The Guardian is one of my favorite newspapers for any number of reasons, but I particularly like their series and their overall international focus.
For instance, earlier this month they launched their New Europe Series, which features an in-depth look at four European countries: Germany, France, Spain, and Poland. (The Poland page will be available next week.)
Each section features tons of pieces about the focus country, mostly in the political, economic, and social bent, but most pertinent to this blog, there’s also a lot of literary coverage.
For years, the Guardian has been running a “World Literature Tour,” but according to Richard Lea’s intro to the new Germany focus, technology and the internets rocked the archives, decimating all the comments people wrote about the literature of Finland, Turkey, Germany, etc., etc.
So now they’re kicking this off with a new system. Instead of having a space for comments, there’s now a form where you can make a recommendation, which is fed into a very readable, very browseable spreadsheet. (I have to admit that having tried—on several occasions—to slug through the hundred of comments for any particular country, that I’m very jacked about this new method.)
Richard Lea’s overviews are all worth checking out as well, so here are links to the pieces on Germany, France, and Spain. And don’t forget to log in your own recommendations at the bottom of these pages. (Like maybe all your favorite Open Letter titles?)
As if this weren’t enough, as part of this series there are also “What They’re Reaidng In XXX” for each of the respective countries:
Meanwhile, the publishing engine continues its unstoppable course. Long ago, a few large publishing companies, such as Santillana, Planeta and Mondadori, took control of the lion’s share of the market. However, despite the steamrolling presence of these companies, not only do small publishers survive but new ones keep popping up and – even in this recession-ridden 2011 – it is these small players who manage to keep alive the embers of independence and surprise: Periférica, Libros del Asteroide, Páginas de Espuma, Minúscula and Nórdica, to name but a few distinguished examples.
Talking of new arrivals, one has to mention Juan Marsé‘s new book Caligrafía de los sueños (Lumen), an introspective inquiry into the Barcelona of the post-war period. Marsé is a master of the art of covering the same territory a thousand times and always making it seem new. The author of unforgettable portraits of a Spain facing a very uncertain future, such as Ronda del Guinardó, Si te dicen que caí and Rabos de lagartija, returns to familiar material: everything is sad in Marsé, a sadness that also includes meanness, humour and, of course, memory. His legions of followers are delighted as always.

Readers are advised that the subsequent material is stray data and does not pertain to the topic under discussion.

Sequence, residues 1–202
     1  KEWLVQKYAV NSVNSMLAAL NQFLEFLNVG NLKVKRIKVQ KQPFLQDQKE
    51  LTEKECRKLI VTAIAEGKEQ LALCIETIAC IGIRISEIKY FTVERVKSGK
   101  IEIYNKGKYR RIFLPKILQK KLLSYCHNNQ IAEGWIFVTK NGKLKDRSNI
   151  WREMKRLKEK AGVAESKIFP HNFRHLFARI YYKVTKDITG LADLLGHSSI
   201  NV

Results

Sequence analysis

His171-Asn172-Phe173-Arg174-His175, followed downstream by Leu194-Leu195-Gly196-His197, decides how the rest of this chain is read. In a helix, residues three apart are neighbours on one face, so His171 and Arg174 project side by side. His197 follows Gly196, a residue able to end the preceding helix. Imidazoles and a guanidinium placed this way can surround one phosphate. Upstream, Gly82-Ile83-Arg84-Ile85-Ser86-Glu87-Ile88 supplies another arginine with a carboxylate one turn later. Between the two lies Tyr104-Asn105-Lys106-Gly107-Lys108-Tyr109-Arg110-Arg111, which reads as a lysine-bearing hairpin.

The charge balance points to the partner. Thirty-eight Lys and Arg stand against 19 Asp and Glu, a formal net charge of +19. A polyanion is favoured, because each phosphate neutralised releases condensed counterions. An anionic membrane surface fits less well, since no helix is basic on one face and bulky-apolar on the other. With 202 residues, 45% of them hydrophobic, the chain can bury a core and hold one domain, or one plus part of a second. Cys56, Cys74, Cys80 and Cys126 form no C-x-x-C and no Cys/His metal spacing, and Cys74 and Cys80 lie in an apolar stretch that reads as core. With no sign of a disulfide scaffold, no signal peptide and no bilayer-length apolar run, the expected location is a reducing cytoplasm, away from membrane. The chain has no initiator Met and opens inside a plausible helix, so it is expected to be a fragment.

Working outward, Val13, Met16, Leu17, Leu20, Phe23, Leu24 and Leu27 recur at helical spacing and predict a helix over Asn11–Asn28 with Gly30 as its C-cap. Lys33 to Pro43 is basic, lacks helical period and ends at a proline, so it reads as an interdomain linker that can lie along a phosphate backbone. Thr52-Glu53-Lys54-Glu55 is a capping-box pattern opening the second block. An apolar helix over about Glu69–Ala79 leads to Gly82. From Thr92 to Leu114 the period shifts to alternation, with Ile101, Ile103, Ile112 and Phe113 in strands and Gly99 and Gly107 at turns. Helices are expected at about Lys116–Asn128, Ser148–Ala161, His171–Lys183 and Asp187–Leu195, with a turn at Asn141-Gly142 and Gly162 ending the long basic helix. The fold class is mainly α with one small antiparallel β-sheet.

b. But in Spain, right now, the most awaited book of the year is undoubtedly Javier Marías’s new novel, Los enamoramientos (Alfaguara). The eternal Spanish Nobel prize candidate and the author of what have already become contemporary classics, such as Tomorrow in the Battle Think on Me and A Heart So White, has handed over to the printers a spine-chilling story about the highs and lows of our miserable lives. Marías is always Marías, and his arrival in the bookshops is always the publishing event of the season. [. . .]
Looking a little further back, Anatomía de un instante (Mondadori) by Javier Cercas is one of those essay/fiction books that is so linked to a real – and brutal – event that it not only managed to hypnotise Spanish readers at the time of its well-publicised launch many months ago, but still manages to do so now. The recent commemorations of the 30th anniversary of the attempted coup d‘état by a group of military officers, on 23 February 1981 (the real pretext for this work of literary pseudo-fiction), has helped to maintain interest in Cercas’s book. He is undoubtedly one of the most interesting authors on the young literary scene in Spain, besides being an especially lucid and sharp columnist.
The Germany piece is kind of funny. It’s kind of a downer, focusing either on books that were derided by critics, or that sold really poorly:
More challenging fare was provided by Melinda Nadj Abonji. Her novel Tauben fliegen auf (“Falcons without Falconers”), a family drama about Yugoslavian immigrants in Switzerland, won the 2010 German Book Prize, Germany’s answer to the Booker. But unlike previous winners by authors such as Katharina Hacker, Julia Franck and Uwe Tellkamp – all reliable suppliers of highly marketable light novels for a moderately demanding reading public – Abonji’s novel was a commercial disaster, just reaching number 50 on the bestseller list shortly before Christmas.
New books by Günter Grass and Christa Wolf reminded us that there were once such things as great German writers. Gruppe 47 (Group 47), a literary association that influenced an entire era and encompassed the country’s best authors, disbanded long ago. Which author under 60 could play that role today? Thomas Lehr, perhaps, whose September. Fata Morgana is a linguistic tour de force set in the aftermath of 9/11 and is both celebrated and controversial. Pedantic critics derided it for not having a single punctuation mark (despite the full stop in the title), as if punctuation has anything to do with literature.